• Embracing No Code Development.  Application development is often the lag between lines of business having the micro services necessary to execute DX.  Given that IT needs to do more with less, employing no code development can make it possible for lines of business to participate in development of new applications.  Using current technology, IT is now able to parse monolithic systems into usable components that lines of business can assemble into more nimble, targeted micro services.  Stakeholders without an engineering degree can comfortably work with no-code components. Everybody wins here: lines of business have the new applications to support success, IT can free up time for other value-add projects, and both IT and lines of business can work to show the improved ROI from these applications.

  • Executing Effective Cloud Migration.  According to IDC, 35% of all production applications will be cloud native by 2022, and 90% of all new apps will feature micro services architectures. The present reality is that organizations also continue to struggle with migrating legacy applications that were not designed for the cloud.  New enterprise applications using no code development, for example, will provide IT and lines of business the advantage of being cloud native from the start.  Ideally, that 35% number will be higher as IT staffing shortages demand organizations run a leaner application development environment.

  • Embracing Emerging Technologies. Looking further ahead to 2022 and beyond, artificial intelligence, coupled with machine learning, is the next logical step to more efficient application development. Using predictive intelligence via machine learning, organizations can begin to automate more development, helping to save IT time and shorten the app-dev cycle.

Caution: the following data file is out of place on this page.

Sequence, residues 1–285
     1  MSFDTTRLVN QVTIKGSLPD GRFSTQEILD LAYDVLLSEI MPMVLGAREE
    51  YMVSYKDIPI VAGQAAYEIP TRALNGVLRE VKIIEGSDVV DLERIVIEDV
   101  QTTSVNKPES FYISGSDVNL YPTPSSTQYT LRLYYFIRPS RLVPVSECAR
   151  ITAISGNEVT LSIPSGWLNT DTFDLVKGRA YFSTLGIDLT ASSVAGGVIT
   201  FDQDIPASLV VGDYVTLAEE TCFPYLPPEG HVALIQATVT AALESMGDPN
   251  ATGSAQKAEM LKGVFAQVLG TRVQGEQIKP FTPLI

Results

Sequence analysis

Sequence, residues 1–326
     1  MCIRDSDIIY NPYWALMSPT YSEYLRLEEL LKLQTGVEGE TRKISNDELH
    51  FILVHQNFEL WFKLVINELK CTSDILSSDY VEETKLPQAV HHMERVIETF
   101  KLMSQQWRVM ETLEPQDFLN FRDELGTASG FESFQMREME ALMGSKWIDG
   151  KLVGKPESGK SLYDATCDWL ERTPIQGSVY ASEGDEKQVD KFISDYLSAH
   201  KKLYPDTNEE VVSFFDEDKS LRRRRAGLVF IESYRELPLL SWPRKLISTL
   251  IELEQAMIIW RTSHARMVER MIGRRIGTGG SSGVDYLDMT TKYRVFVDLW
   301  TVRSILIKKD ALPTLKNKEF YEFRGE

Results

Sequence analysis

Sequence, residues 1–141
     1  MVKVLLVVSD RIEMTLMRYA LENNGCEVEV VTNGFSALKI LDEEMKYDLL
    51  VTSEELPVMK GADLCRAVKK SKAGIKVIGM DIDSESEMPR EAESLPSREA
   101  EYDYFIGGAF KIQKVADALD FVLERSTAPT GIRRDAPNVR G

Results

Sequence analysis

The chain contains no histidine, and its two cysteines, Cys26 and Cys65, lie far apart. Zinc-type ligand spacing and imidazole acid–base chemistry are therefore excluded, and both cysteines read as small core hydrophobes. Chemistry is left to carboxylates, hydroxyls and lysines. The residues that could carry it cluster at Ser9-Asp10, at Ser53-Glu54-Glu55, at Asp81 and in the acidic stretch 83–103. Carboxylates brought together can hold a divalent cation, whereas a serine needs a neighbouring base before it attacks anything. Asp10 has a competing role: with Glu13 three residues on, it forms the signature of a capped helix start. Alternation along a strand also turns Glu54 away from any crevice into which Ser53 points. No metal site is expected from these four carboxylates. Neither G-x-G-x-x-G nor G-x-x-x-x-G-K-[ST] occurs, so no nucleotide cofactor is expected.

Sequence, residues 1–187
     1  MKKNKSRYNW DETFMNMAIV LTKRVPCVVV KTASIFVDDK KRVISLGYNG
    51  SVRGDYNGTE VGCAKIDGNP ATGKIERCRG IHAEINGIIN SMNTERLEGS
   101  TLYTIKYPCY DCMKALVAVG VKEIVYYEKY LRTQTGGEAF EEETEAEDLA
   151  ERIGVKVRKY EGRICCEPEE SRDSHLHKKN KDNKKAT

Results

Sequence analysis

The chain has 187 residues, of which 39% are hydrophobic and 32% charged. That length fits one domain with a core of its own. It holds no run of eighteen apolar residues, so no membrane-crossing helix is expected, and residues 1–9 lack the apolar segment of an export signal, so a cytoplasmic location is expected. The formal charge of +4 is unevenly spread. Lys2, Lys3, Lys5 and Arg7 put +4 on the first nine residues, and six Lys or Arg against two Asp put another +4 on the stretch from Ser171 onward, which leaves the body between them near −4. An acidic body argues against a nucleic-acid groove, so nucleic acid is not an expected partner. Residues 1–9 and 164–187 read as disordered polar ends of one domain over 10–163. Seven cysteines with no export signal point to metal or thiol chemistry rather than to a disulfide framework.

As the new decade begins, organizations will be reassessing whether they’ve met their goals in terms of digital transformation, cloud migration, new innovation, and the like.  It is a perfect time to also reassess where they are in the mechanics of achieving these goals, whether application development is a lag, or helping them succeed.  Realizing the IT staffing shortage will continue, organizations need to look at these practices that can bring IT closer to lines of business and support far more nimble development, thereby better enabling digital viability.

About the Author(s)

James Hanley

James Hanley is CEO of Crowd Machine. Hewas appointed CEO of Crowd Machine in October, 2019 after serving as COO of the company. He is a recognized leader in growing businesses and creating an operational environment that supports innovation and growth. He previously worked at Accenture, where he was managing director for journey to cloud and automation.Prior to Accenture, Hanley served as vice president and general manager at DXC (formerly CSC). Prior to DXC, Hanley held positions as CEO and President, Field Operations, at Force10 Networks (now Dell/Force10).